are popular 2D physics engines.
If you want to learn how to write your own physics engine, I recommend the books Game Physics, 2nd ed.
, Real-Time Collision Detection
, Geometric Tools for Computer Graphics
and Game Physics Engine Development
. After those, there are several good talks (e.g. from GDC and Siggraph) related to game physics, also google can help with those, see e.g. Game Physics Engines: and Introduction
When writing a physics engine, I recommend keeping it strongly and strictly separated from DirectX 9. The rendering and physics part should not have any dependencies, since in a few years in the future, you will no longer be using DirectX 9, but want to keep using your physics engine, so it's best to plan for that in advance.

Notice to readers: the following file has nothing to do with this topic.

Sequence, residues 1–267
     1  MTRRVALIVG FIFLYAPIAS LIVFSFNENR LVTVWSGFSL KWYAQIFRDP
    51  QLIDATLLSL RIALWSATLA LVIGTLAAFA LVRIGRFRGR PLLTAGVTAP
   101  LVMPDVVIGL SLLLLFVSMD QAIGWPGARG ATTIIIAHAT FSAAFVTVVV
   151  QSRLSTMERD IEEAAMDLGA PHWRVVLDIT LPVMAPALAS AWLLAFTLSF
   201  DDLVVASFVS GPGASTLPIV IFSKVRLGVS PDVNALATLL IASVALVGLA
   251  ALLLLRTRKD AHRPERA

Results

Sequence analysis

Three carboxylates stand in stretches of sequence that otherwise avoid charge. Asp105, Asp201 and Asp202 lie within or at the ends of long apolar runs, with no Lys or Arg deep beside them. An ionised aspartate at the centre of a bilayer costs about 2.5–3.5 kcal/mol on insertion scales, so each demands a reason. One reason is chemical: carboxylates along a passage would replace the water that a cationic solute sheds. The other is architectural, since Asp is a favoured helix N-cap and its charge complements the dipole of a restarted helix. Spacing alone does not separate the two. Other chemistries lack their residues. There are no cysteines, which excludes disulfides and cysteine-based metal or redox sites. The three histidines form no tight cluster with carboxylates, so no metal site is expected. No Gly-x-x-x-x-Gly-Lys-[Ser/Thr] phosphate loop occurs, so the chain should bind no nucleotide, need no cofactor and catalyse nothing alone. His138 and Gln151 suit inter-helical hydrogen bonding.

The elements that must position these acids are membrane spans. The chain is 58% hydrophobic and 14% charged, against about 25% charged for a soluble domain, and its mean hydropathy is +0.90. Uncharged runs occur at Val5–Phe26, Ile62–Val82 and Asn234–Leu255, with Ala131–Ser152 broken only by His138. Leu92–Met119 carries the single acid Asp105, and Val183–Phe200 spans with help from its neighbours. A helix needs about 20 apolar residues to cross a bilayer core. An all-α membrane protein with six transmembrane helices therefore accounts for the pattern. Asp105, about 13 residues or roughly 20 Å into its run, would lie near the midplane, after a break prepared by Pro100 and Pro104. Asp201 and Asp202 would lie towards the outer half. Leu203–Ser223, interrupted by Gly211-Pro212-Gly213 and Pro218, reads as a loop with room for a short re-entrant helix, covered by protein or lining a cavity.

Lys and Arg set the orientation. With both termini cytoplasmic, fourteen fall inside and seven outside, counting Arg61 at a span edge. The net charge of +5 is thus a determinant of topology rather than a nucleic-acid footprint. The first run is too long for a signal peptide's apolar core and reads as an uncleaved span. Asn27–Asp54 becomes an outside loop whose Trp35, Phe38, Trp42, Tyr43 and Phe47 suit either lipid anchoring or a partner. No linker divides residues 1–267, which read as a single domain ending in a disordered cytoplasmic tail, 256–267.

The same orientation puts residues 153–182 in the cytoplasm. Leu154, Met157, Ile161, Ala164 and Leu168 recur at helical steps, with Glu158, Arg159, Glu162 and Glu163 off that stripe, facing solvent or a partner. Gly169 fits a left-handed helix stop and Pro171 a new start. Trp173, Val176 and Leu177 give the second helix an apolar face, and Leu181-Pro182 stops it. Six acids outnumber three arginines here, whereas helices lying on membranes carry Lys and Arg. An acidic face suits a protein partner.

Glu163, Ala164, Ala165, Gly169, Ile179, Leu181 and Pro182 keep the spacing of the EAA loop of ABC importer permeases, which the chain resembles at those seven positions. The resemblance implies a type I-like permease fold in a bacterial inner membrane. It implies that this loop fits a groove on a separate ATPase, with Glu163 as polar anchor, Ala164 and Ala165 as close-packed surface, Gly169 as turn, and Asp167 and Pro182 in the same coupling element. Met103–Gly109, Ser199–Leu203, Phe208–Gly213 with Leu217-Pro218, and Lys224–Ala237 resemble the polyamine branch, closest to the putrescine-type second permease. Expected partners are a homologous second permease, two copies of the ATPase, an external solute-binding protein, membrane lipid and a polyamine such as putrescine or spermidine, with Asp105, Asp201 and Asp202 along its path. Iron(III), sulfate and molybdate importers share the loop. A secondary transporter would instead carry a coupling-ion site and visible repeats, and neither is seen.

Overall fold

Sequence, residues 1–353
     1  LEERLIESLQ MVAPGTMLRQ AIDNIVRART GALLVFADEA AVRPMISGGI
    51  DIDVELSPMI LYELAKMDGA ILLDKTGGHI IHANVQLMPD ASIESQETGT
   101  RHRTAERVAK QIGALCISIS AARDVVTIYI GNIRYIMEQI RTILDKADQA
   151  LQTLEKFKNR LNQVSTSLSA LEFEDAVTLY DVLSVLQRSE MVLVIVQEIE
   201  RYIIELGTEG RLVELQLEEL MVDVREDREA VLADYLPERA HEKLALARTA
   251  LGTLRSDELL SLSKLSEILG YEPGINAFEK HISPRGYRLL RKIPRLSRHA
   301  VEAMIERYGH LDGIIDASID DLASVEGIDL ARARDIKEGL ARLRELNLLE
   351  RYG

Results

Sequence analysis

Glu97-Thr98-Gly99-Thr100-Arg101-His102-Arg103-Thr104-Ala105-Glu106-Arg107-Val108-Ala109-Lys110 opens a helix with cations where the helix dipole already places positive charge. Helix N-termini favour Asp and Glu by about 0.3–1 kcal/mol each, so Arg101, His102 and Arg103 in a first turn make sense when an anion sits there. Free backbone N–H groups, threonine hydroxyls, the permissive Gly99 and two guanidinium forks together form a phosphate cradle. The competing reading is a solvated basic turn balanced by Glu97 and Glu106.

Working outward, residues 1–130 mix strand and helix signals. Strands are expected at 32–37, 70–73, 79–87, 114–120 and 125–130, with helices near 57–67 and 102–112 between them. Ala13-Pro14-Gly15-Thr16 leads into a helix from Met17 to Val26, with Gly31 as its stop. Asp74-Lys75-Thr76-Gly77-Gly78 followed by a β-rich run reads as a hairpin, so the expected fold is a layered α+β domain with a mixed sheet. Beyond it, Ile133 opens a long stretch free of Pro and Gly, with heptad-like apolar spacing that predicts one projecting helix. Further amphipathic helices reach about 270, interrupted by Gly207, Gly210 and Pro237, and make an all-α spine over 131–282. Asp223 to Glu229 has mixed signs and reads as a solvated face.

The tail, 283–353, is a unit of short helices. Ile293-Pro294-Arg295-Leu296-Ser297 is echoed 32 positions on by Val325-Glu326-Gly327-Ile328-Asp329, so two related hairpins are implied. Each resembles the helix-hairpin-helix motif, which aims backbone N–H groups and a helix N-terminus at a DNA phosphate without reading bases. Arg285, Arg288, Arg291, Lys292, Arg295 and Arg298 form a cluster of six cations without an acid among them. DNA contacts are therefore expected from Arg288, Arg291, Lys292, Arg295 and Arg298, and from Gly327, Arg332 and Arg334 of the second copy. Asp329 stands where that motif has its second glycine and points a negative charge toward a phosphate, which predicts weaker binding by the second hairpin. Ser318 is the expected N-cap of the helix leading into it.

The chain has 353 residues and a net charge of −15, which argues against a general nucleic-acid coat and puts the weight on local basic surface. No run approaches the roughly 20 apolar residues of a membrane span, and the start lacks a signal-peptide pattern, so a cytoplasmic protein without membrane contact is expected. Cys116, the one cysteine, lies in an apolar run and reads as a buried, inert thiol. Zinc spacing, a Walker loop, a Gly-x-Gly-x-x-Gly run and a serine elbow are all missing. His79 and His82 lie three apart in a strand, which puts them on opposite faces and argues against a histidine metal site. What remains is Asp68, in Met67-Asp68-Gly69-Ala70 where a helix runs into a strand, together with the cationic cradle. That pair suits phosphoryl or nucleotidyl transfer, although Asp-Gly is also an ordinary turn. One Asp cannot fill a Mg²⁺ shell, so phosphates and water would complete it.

I don't want to patronize, but even though I consider myself an industry veteran, I think if I started writing a physics engine, it would take me well more than a man-year of development effort to create one that I might be mildly satisfied with.
Perhaps you are not looking for a complete 3D game physics engine, but are looking to implement simple physics-like behavior in your game. For that goal, writing your own physics-like logic update code is not that difficult, and can be simpler than integrating with a full-featured implementation.
Also, just for learning purposes, tackling a DIY project for full-blown game physics engines is of course ok, and if you're really looking towards that, good luck on your endeavour!